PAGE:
From the beginning, portraiture was a dominant subject, following the historical Fine Art search for the "essence" in a subject. Lady Alice Mary Kerr’s close-up of the infamous poet and diplomat, Wilfrid Scawen Blunt (picture left), was described by portrait photographer Jane Bown, as “a jackpot picture”. 2_Wilfrid_Scawen_Blunt__c_1870._Lady_Alice_Mary_Kerr, pShe praises its intensity, the direct eye contact and lack of pretension, and Kerr’s technical prowess. Another passionate photographer and occasional writer on the subject, George Bernard Shaw rejected the literalism and comparing photography to painting, remarked perceptively, “The camera, with one sitter, will give you authentic portraits of at least six apparently different persons and characters.”  He illustrated his statement through an amusingly unconvincingly multi-personality tryptich by the playwright Frederick Henry Evans in 1900.

Towards the close of the 19th century, some portrait photographers in England and the US used it as a tool to depict social reality, visual equivalents of the then populist writer, Dickens. John Thomson published collections of his documentaries as Street Life in London, illustrating the working city’s poor in dignified but never sentimental portraits. Outstanding are the boatmen working the Thames (The Silent Highway, pictured below left) and workers constructing the London underground’s Central Line, a wonderfully composed scene resembling a stage-set.

xJohn_Thomson_Silent_HighwayIn a section marking the early days of travel photography and voyages of exploration and trade around the British Empire, studios were packed inside wooden boxes, and the returning collections greeted with excitement and curiosity for foreign lands and people, landscapes, geological details, ethnographic studies. They include an elegant Arab Woman of the Sudan, 1879, who stares blankly, not realizing her image is being slowly immortalised; the stunningly poetic Village near Yokohama, Japan, c. 1869 and marking the Grand Tour, the Coliseum is composed in stark outline against a clear sky, close in style to the 1930s Italian Modernists.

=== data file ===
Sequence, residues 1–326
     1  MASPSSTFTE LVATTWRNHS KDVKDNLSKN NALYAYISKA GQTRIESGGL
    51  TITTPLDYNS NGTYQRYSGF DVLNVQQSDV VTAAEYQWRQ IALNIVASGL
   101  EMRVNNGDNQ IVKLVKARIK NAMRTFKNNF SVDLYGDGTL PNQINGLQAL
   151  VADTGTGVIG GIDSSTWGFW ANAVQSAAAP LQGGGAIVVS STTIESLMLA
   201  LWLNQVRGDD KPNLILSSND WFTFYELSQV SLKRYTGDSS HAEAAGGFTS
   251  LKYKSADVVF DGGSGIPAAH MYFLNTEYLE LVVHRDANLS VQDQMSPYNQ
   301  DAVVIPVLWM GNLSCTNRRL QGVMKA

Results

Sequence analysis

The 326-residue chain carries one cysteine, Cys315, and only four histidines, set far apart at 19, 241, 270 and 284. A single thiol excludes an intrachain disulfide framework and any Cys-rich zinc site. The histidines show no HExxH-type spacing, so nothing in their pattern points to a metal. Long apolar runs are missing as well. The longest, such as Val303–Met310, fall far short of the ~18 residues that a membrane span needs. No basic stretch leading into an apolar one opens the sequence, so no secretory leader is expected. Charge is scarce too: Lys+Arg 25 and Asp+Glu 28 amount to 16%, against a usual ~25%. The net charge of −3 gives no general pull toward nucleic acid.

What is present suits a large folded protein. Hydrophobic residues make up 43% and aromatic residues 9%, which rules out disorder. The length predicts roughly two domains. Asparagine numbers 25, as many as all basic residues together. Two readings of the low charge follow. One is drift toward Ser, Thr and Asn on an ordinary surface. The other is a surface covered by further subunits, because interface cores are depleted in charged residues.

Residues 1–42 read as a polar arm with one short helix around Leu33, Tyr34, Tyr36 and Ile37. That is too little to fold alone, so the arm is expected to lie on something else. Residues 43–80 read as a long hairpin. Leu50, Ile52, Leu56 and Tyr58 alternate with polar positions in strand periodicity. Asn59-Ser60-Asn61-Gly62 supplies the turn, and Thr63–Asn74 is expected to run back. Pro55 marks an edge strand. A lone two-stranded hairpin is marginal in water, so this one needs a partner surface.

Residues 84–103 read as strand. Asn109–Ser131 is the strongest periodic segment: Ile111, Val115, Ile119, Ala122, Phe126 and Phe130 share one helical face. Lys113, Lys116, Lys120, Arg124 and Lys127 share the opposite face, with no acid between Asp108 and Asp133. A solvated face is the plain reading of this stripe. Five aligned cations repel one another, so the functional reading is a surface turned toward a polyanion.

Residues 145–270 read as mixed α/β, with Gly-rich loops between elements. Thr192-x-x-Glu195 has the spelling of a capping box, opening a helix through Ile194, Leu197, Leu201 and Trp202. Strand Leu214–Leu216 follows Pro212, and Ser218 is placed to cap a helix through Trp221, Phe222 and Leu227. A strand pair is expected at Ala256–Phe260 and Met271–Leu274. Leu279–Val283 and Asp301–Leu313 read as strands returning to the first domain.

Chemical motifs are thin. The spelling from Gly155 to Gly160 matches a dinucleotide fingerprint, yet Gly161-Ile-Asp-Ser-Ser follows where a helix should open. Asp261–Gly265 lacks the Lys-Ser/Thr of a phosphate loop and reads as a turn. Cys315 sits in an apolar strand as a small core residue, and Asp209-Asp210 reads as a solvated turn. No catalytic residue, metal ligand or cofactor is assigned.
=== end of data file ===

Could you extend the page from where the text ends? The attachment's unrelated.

Representing the new fascination with mountains, Samuel Bourne left his commercial practice in England for tours of India. His 1860s landscapes are unrivalled, magnificent, heroic and painterly – particularly From the Top of the Manirung Pass, India, 1864, taken during a trek in the high Himalayas. The taste for foreign exotica is marked humorously by theportrait of London Zoo’s first hippo, in 1852.

The explosion of tourism in the UK became synonymous with Francis Frith, who documented scenes of work and leisure at still leading resorts. But he is also present for his priceless collections from Egypt and the Holy Land. And it is domestic scenes like Hastings from the Beach, 1864, which mark the beginnings of middle-class tourism and from there, mass-produced photographs.

"You press the button, we do the Rest,” shouts the posters hanging on Kodak’s headquarters in Clerkenwell Road around 1902. Their motto represents the company’s part in photography’s democratisation through their cheap cameras and the mass-produced prints made in the Harrow factory. Printing Kodak, 1890 (main picture), shows female staff in outfits appropriate to waitressing, producing albumen prints made using eggwhites from the 100 chickens in the yard. A perfectly composed documentary photograph, it is also a reminder of women’s skilled work away from home, prior to World War I.

Almost two centuries since the first photographic experiments which open this collection, many emerging photographers are today investigating the original chemical processes, light-sensitized papers, and camera-less image-making. It is as if the digital age’s methods are creatively unsatisfying: the fingers-on-keys, eyes-on-screens are turning some back to the slower, hands-on techniques and the unpredictable results they yield. It is as if the moment of seeing an image rise from a blank page, has bought back the lure of magic which fills the rooms of this timely exhibition.

Points of View: Capturing the 19th Century in Photographs - a free exhibition - continues at the British Library until 7 March 2010. Information here. The accompanying book by John Falconer and Louise Hide can be purchased here.

A larger selection of photographs from the exhibition can be seen in full view in theartsdesk gallery here.

Share this article

Add comment


Get a weekly digest of our critical highlights in your inbox each Thursday!

Simply enter your email address in the box below

View previous newsletters